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Monday - December 17, 2018

In my view, the Christian religion is the most important and one of the first things in which all children, under a free government ought to be instructed... No truth is more evident to my mind than that the Christian religion must be the basis of any government intended to secure the rights and privileges of a free people.
- Preface

1828 Noah Webster Dictionary
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1828.mshaffer.comWord [ability]

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ability

ABIL'ITY, n. [L. habilitas, ableness, fitness, from habeo, to have or hold.]

1. Physical power, whether bodily or mental; natural or acquired; force of understanding; skill in arts or science. Ability is active power, or power to perform; as opposed to capacity, or power to receive. In the plural, abilities is much used in a like sense; and also for faculties of the mind, and acquired qualifications.

2. Riches, wealth, substance, which are the means, or which furnish the power, of doing certain acts.

They gave after their ability to the work. Ez. 2.

3. Moral power, depending on the will - a metaphysical and theological sense.

4. Civil or legal power, the power or right to do certain things, as an ability to transfer property or dispose of effects - ability to inherit. It is opposed to disability.



Evolution (or devolution) of this word [ability]

1828 Webster1844 Webster1913 Webster

ABIL'ITY, n. [L. habilitas, ableness, fitness, from habeo, to have or hold.]

1. Physical power, whether bodily or mental; natural or acquired; force of understanding; skill in arts or science. Ability is active power, or power to perform; as opposed to capacity, or power to receive. In the plural, abilities is much used in a like sense; and also for faculties of the mind, and acquired qualifications.

2. Riches, wealth, substance, which are the means, or which furnish the power, of doing certain acts.

They gave after their ability to the work. Ez. 2.

3. Moral power, depending on the will - a metaphysical and theological sense.

4. Civil or legal power, the power or right to do certain things, as an ability to transfer property or dispose of effects - ability to inherit. It is opposed to disability.

A-BIL'I-TY, n. [Fr. habileté; It. abilità; Sp. habilidad; L. habilitas, ableness, fitness, from habeo, to have or hold.]

  1. Physical power, whether bodily or mental; natural or acquired; force of understanding; skill in arts or science. Ability is active power, or power to perform; as opposed to capacity, or power to receive. In the plural, abilities is much used in a like sense; and also for faculties of the mind, and acquired qualifications. – Franklin.
  2. Riches, wealth, substance, which are the means, or which furnish the power, of doing certain acts. They gave according to their ability to the work. – Ezra ii.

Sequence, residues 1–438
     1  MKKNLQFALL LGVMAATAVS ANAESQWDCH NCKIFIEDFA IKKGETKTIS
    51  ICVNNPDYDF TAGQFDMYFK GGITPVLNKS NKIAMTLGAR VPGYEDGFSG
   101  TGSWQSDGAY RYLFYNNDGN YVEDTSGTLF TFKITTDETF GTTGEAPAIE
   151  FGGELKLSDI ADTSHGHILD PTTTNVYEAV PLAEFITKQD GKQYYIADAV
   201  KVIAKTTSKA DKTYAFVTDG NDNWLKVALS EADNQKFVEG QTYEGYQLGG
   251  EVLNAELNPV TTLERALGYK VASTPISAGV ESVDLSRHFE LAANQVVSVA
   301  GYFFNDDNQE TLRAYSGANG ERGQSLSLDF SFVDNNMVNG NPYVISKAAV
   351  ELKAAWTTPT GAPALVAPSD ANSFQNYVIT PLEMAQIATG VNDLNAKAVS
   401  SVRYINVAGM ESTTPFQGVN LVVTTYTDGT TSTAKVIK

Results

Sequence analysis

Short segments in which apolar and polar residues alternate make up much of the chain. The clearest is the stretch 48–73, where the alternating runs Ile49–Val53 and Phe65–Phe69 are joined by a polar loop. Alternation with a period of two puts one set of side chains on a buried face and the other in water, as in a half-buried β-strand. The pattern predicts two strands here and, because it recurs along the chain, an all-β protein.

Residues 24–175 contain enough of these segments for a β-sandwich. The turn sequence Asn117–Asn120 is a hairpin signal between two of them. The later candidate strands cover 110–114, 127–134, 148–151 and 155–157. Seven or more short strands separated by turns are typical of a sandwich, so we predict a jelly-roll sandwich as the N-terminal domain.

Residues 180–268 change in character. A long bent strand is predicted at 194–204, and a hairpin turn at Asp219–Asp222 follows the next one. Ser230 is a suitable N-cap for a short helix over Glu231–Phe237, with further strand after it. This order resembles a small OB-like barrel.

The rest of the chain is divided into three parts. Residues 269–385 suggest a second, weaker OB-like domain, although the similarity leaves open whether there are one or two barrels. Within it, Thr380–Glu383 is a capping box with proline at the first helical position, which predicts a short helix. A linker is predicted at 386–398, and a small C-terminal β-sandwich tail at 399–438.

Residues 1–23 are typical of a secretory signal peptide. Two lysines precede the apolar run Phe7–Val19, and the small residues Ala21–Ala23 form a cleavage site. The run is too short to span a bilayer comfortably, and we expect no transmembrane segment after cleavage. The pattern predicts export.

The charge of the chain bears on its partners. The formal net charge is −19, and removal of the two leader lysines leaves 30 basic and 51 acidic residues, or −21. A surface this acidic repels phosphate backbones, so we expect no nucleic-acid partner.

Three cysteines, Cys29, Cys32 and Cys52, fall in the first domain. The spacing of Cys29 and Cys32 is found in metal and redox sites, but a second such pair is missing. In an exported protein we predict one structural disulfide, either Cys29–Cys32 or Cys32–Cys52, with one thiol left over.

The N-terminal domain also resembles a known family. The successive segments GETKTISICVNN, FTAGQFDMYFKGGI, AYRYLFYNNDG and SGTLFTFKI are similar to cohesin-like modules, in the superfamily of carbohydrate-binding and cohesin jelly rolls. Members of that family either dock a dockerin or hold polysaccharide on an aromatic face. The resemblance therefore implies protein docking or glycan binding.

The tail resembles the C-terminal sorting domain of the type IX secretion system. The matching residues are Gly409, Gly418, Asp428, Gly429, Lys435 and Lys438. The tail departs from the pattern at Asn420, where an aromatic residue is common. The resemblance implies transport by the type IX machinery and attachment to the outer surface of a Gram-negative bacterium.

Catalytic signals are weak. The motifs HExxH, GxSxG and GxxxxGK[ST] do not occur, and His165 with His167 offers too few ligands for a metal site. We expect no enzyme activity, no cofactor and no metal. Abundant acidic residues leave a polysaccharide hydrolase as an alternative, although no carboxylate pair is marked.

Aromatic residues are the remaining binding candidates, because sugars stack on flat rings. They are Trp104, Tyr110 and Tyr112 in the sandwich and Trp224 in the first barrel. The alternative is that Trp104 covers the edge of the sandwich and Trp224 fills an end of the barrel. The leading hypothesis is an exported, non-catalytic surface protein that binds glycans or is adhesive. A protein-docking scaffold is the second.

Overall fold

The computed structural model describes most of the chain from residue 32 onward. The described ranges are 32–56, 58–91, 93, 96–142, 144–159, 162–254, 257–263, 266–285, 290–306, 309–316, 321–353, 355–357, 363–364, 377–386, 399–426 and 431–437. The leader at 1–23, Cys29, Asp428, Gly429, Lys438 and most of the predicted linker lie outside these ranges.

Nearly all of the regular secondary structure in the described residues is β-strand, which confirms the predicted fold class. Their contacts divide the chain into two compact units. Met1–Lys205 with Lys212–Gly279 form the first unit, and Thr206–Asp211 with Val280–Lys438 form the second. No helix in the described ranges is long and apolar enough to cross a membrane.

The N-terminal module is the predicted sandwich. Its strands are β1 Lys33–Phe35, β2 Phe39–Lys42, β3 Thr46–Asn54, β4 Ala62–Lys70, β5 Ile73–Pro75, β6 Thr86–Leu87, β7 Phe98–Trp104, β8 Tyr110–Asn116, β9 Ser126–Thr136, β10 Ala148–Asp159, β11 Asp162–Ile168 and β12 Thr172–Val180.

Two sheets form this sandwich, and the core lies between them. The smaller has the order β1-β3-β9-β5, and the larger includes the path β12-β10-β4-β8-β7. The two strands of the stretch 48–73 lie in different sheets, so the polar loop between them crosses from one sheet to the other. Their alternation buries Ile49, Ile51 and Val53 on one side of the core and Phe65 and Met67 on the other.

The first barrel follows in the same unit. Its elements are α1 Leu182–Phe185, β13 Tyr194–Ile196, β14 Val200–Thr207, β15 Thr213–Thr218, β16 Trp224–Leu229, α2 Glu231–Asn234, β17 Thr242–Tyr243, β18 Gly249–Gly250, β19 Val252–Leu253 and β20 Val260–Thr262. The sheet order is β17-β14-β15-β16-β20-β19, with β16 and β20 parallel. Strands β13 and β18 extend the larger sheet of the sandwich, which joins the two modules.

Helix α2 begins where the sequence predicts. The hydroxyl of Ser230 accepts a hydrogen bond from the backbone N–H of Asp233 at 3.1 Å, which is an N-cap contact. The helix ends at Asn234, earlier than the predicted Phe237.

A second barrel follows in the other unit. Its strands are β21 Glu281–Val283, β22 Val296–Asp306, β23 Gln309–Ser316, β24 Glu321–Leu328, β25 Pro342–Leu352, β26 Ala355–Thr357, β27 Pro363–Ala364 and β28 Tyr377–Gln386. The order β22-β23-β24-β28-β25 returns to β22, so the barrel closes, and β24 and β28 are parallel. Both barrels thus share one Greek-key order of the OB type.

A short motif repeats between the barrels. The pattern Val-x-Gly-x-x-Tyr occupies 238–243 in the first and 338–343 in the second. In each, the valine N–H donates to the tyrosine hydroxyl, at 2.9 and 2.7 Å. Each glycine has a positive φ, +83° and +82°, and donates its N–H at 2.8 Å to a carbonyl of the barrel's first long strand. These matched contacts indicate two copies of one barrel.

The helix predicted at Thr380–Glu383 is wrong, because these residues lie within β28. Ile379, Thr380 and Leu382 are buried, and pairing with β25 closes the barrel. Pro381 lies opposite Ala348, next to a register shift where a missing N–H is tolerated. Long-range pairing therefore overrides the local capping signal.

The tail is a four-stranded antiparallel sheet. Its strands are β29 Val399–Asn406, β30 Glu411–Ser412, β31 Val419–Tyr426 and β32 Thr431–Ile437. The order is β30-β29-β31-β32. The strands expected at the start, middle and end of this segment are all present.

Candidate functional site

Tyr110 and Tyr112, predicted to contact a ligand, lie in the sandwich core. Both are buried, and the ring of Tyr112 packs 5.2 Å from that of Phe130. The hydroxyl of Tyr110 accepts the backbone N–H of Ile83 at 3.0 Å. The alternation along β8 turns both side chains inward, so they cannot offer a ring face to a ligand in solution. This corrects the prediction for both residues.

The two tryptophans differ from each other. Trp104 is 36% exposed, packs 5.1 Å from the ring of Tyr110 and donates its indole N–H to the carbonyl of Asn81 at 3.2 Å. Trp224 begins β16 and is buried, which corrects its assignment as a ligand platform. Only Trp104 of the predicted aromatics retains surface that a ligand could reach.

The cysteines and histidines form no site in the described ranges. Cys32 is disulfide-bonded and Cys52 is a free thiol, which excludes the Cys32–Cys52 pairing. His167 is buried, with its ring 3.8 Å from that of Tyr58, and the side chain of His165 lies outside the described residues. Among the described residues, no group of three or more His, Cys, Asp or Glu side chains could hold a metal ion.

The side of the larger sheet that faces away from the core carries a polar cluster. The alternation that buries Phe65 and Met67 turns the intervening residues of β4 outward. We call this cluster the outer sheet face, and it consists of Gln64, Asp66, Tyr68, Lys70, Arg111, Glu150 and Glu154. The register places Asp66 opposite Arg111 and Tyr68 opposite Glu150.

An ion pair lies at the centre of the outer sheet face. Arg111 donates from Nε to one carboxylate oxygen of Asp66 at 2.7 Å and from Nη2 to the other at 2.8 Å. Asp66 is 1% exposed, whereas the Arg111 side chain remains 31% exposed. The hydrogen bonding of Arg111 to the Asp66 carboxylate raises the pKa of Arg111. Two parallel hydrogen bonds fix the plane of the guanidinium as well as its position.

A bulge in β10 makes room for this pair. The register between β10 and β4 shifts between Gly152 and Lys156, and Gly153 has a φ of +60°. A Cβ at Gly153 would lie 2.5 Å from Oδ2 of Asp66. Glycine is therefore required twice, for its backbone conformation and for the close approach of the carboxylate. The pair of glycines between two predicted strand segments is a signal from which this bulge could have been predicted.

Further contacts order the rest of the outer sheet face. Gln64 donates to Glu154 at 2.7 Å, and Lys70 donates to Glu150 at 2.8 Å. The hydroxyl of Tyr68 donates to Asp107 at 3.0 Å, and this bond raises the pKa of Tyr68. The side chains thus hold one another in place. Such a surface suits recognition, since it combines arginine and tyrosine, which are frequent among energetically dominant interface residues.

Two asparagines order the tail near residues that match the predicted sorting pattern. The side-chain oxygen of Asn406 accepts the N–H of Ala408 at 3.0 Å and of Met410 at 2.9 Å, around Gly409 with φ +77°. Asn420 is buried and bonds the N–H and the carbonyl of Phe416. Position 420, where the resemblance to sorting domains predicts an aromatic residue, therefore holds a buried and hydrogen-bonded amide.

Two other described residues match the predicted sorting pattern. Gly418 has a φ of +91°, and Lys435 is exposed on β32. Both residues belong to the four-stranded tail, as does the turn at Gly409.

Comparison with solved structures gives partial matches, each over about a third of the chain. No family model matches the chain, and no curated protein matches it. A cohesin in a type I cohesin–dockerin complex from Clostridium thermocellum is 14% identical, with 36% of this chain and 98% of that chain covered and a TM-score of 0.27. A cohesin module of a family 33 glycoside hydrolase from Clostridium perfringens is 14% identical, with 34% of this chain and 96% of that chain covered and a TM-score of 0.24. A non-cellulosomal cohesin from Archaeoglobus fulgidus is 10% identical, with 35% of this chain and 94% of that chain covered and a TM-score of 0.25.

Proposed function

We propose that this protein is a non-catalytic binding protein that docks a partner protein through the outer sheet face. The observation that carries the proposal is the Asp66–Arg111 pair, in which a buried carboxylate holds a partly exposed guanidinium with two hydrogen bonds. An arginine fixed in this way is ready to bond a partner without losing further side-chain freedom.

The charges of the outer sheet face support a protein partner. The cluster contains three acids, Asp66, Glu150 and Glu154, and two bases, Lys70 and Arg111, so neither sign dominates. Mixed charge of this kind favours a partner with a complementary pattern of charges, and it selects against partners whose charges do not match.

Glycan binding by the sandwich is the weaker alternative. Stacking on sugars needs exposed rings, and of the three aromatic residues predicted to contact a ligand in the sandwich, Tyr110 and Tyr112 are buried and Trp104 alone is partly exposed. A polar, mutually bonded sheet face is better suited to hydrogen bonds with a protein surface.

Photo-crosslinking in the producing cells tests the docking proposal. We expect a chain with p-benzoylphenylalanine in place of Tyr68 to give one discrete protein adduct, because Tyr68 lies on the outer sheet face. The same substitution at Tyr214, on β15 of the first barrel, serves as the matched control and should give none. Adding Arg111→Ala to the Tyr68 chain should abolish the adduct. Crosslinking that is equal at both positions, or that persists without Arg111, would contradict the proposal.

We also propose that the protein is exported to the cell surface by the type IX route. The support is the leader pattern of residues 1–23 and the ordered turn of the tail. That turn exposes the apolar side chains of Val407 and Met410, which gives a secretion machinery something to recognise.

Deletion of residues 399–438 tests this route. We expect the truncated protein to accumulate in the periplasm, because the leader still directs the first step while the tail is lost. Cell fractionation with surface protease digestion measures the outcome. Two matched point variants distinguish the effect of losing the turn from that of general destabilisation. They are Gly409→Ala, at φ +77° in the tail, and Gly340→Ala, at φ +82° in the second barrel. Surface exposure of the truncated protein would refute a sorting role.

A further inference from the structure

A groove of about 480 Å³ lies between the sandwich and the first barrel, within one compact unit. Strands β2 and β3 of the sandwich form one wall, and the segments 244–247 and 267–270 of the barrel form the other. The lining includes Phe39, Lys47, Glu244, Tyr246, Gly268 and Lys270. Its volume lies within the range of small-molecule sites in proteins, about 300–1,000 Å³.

3. Moral power, depending on the will – a metaphysical and theological sense.
  4. Civil or legal power; the power or right to do certain things; as, an ability to transfer property or dispose of effects – ability to inherit. It is opposed to disability. – Cyc.

A*bil"i*ty
  1. The quality or state of being able; power to perform, whether physical, moral, intellectual, conventional, or legal; capacity; skill or competence in doing; sufficiency of strength, skill, resources, etc.; -- in the plural, faculty, talent.

    Then the disciples, every man according to his ability, determined to send relief unto the brethren.
    Acts xi. 29.

    Natural abilities are like natural plants, that need pruning by study.
    Bacon.

    The public men of England, with much of a peculiar kind of ability.
    Macaulay.

    Syn. -- Capacity; talent; cleverness; faculty; capability; efficiency; aptitude; aptness; address; dexterity; skill. Ability, Capacity. These words come into comparison when applied to the higher intellectual powers. Ability has reference to the active exercise of our faculties. It implies not only native vigor of mind, but that ease and promptitude of execution which arise from mental training. Thus, we speak of the ability with which a book is written, an argument maintained, a negotiation carried on, etc. It always something to be done, and the power of doing it. Capacity has reference to the receptive powers. In its higher exercises it supposes great quickness of apprehension and breadth of intellect, with an uncommon aptitude for acquiring and retaining knowledge. Hence it carries with it the idea of resources and undeveloped power. Thus we speak of the extraordinary capacity of such men as Lord Bacon, Blaise Pascal, and Edmund Burke. "Capacity," says H. Taylor, "is requisite to devise, and ability to execute, a great enterprise." The word abilities, in the plural, embraces both these qualities, and denotes high mental endowments.

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Ability